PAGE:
Don’t buy unethically sourced chocolate

Chen-Pang Chang

Indonesia has lost 72 percent of its intact forests — equivalent to an area twice the size of Germany — in the last 50 years. Much of the land has been turned into palm oil plantations.

More than 100 companies that use palm oil in their products have promised to purchase from certified suppliers. Just one year ago, however, Nestlé, Mars and Hershey were accused of breaking their commitment to stay away from illegal Indonesian palm oil. 

Today, their products, such as Kit-Kats, Snickers and M&M’s, remain at UT and can be found in vending machines across campus. Despite being environmental offenders, their products remain in high demand. We need to stop buying these unethically-sourced chocolate bars before further harm to the environment takes place.

Most chocolate bars require palm oil, a kind of vegetable oil, to ensure they don’t melt. Palm oil is the cheapest and most-produced vegetable oil. However, 300 soccer fields of rainforest are wiped out every hour, making the environmental costs of growing oil palm trees staggering.

Orangutans are one of many species facing critical endangerment as a result of these practices. Their homes are being torn down by bulldozers. Many of them have been killed or captured. Senselessly harming animals cannot be part of sustainable or responsible palm oil production.

Humans, too, have been impacted by palm oil production. In Colombia, the fourth-largest palm oil producer in the world, the government insists that its palm oil is sustainable and different from that of Indonesia. 

However, according to a Washington Post report, Columbia allowed multinational corporations, such as Poligrow, to systematically evict indigenous people, small farmers, and other local residents to turn their homes into palm oil plantations.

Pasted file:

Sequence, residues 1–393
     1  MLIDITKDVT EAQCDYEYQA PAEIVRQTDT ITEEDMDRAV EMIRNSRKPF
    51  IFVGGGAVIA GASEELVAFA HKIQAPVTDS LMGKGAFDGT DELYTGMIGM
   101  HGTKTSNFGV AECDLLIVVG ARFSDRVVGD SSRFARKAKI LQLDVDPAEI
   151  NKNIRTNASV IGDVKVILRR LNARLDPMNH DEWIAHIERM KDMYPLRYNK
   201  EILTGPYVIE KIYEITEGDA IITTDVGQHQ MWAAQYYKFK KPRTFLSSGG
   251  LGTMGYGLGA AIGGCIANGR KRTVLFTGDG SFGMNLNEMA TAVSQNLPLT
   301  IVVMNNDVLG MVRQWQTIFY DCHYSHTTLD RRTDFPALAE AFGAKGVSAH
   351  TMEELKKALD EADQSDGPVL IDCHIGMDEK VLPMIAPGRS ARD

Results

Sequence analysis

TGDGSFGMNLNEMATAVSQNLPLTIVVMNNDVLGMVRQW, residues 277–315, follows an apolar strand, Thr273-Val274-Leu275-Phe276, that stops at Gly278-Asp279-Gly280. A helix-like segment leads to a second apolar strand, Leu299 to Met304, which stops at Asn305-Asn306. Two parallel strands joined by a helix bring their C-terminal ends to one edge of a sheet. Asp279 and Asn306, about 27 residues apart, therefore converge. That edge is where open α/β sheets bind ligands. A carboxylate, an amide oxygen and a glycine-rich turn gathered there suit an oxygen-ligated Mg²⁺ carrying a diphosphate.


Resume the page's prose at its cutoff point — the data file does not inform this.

Canteen Vending is one of the three vending contractors with UT. They provide vending machines that sell snacks, including Kit-Kats, Snickers and M&M’s. 

Olga Finneran, communications manager for Financial and Administrative Services, said in an email that “Canteen Vending is currently operating within the confines of its respective contract as outlined by the University.”

However, demanding that Canteen stop providing the snacks would prove difficult. We, as consumers, can make sure that these snacks and unethical candy companies have no place at UT by urging friends and family to take a firm stand.

There remain plenty of choices for chocolate lovers. Greenpeace published an investigation a week ago that shows which chocolate brands still have links with unsustainable palm oil suppliers. By being environmentally conscious consumers, we can enjoy chocolate without worrying about its hidden social costs.

Currently, 71 percent of palm oil is used in chocolate products and processed food. It is tempting to have a chocolate bar. Its inviting smell and sweet taste win countless consumers over. UT vending machines will keep providing these unethically-sourced chocolate bars, but we can stop purchasing them. We can show that chocolate bars whose production harms the environment are not welcome on our campus.

Chang is a philosophy junior from New Taipei, Taiwan